DrDosido. net 3.0 is coming

Version 1.0 appeared in 2010 as I marked my 60th birthday by posting fiddle tunes and other traditional folk music I had recorded over the previous 30-plus years. Some weird obsession led novice me to build my own website from scratch. I learned html coding as I went. And it all worked, but with some degree of clunkiness and a considerable measure of over-complication.

My coding proficiency improved, and within a year I introduced a revised version that smoothed over a number of rough edges. While the over-complicated details were still fully there, DrDosido.net 2.0 tried to streamline pathways that users could take to get to their desired targets: traditional tunes from the musicians I had recorded “in the field.”

I uploaded a lot of material. As designed, my web pages had room for much more. But I never finished it. Real life intruded. The tools I relied on changed. A lot of the recordings I wanted to use were either not yet digitized or were not fully analyzed into usable bits. My attention turned to other matters: family, work, teaching, etc. DrDosido.net went dormant, though a number of folks let me know they still found it useful.

Now the time has come to reawaken my snoozing beast. I still have a lot of valuable stuff to share: music, stories, memories. Since I retired from teaching, I have been free to digitize and/or analyze a host of recordings that have long cluttered my basement office. So I have just now made the first steps to upload DrDosido.net 3.0 as a greatly expanded and hopefully improved online folk music resource.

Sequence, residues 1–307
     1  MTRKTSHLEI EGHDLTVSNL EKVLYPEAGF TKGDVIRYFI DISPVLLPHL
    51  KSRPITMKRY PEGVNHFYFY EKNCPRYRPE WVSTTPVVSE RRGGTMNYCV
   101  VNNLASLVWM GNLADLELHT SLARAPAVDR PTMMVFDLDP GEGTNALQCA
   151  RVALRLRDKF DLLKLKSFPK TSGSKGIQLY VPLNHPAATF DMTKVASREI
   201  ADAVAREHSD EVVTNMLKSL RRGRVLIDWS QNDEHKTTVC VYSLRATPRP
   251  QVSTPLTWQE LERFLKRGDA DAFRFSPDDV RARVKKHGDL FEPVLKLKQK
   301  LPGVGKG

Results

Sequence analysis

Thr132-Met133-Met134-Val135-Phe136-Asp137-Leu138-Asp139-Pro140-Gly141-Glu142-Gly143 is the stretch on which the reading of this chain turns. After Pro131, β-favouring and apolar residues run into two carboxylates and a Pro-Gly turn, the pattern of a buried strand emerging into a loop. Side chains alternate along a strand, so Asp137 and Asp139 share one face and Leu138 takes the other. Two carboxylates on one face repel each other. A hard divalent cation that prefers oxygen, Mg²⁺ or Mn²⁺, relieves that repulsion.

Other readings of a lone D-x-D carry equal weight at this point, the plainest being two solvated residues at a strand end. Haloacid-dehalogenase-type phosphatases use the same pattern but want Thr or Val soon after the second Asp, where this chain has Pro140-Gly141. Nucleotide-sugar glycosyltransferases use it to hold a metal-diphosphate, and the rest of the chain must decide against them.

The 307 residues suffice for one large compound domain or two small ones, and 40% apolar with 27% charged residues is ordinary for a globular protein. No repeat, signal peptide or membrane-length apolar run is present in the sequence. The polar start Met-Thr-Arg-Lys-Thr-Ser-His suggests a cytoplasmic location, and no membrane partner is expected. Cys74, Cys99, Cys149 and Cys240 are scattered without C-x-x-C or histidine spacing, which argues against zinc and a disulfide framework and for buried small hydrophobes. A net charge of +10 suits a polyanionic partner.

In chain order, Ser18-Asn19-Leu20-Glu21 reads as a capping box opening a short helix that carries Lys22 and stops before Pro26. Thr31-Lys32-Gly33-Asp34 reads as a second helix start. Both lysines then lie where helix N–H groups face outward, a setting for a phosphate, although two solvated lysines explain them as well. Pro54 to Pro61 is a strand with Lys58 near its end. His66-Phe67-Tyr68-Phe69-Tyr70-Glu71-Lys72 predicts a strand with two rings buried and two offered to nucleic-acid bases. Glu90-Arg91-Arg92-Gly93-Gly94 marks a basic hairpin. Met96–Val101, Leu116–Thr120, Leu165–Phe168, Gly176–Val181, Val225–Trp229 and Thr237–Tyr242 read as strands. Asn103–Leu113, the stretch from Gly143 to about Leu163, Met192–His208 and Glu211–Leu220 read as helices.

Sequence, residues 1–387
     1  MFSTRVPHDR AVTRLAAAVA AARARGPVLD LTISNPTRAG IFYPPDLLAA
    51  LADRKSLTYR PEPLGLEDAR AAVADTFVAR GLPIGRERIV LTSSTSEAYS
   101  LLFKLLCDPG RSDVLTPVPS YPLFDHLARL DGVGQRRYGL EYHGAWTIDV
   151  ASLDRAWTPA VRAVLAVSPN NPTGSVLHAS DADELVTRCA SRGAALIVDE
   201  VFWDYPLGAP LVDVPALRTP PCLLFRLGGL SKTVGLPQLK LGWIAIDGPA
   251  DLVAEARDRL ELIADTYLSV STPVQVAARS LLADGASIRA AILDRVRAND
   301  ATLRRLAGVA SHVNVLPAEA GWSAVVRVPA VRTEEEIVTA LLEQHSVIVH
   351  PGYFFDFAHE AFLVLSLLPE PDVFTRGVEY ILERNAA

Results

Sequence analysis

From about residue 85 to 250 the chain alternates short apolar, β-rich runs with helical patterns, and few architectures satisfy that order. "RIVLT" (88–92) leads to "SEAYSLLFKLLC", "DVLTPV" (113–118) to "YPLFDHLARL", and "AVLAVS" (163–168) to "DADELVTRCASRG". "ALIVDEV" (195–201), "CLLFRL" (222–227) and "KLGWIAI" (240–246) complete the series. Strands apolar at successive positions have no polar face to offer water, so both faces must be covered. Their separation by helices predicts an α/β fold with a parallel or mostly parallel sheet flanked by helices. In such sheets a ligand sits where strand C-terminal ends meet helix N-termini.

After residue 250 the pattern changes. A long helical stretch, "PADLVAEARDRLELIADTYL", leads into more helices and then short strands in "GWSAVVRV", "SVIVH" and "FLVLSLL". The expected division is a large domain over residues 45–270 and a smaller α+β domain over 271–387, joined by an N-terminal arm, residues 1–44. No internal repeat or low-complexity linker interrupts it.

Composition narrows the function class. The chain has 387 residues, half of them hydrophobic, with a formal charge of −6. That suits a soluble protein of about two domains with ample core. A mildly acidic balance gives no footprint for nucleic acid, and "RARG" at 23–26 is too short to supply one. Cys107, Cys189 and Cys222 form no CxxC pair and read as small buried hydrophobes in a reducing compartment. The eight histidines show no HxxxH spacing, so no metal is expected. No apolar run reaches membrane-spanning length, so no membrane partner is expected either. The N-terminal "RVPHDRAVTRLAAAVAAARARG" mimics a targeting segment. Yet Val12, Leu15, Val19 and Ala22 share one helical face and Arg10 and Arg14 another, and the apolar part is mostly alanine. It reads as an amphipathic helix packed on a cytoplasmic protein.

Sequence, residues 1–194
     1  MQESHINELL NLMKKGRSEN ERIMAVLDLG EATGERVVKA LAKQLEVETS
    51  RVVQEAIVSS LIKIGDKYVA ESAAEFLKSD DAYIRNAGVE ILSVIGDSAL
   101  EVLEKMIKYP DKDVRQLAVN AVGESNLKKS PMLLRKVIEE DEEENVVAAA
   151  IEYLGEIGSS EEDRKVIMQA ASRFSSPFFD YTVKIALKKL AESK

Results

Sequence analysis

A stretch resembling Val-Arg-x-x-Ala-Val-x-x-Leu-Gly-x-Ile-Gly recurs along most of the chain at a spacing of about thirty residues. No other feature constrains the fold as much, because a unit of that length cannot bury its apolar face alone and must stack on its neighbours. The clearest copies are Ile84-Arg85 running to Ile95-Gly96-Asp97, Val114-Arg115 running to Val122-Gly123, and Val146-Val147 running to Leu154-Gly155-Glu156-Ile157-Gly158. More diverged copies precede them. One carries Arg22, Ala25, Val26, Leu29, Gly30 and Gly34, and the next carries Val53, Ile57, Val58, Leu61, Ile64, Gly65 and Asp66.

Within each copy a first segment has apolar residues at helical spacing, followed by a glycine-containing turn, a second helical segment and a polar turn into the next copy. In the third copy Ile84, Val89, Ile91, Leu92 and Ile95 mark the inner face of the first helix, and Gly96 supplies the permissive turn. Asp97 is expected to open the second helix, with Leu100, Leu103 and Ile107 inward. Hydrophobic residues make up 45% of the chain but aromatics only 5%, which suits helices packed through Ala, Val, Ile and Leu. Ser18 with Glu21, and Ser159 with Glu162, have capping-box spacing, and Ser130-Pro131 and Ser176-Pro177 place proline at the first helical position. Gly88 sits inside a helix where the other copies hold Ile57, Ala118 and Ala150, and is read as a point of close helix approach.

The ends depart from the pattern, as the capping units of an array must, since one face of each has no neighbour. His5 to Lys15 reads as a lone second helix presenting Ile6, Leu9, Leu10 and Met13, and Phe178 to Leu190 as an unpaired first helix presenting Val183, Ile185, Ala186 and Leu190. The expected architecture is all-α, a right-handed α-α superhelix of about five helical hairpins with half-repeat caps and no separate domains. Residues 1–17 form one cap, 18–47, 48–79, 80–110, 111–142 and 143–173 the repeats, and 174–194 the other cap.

The real work, however, is not the digitizing and coding and uploading, but in organizing the recordings I have made, along with the personal encounters I have experienced, in order to tell a meaningful story about music and musicians in my time and place in the world. I chose not to follow the conventional path of arranging things by tunes, musical genres, or performative provenance, though all these aspects are important considerations.

What matters most to me are the musicians I have met and learned from, and the communities and traditions I have connected with through these musicians. Admittedly, I am near the center of nearly all the life episodes to be represented on DrDosido.net. Nevertheless, this is not a narrative of my achievements, but of the relationships that have blessed my life. I count myself extremely fortunate that much of my life’s work, as well as my leisure, has allowed me to be engaged with a rich variety of creative artists, communities, traditions, and histories.

While the construction of web pages for DrDosido.net 3.0 continues, I promise to post frequent updates with samples of the treasures I have uncovered in the nooks of my basement office. In a few days, I will explain the what and why of two major expansions to my online collections: 1) Old 78s (Compilations) and 2) The Midwest (Published Albums). In the meantime, enjoy this gem:

Bob Lucas sings The Pride of Glencoe at a Lotus Dickey tribute in 1996

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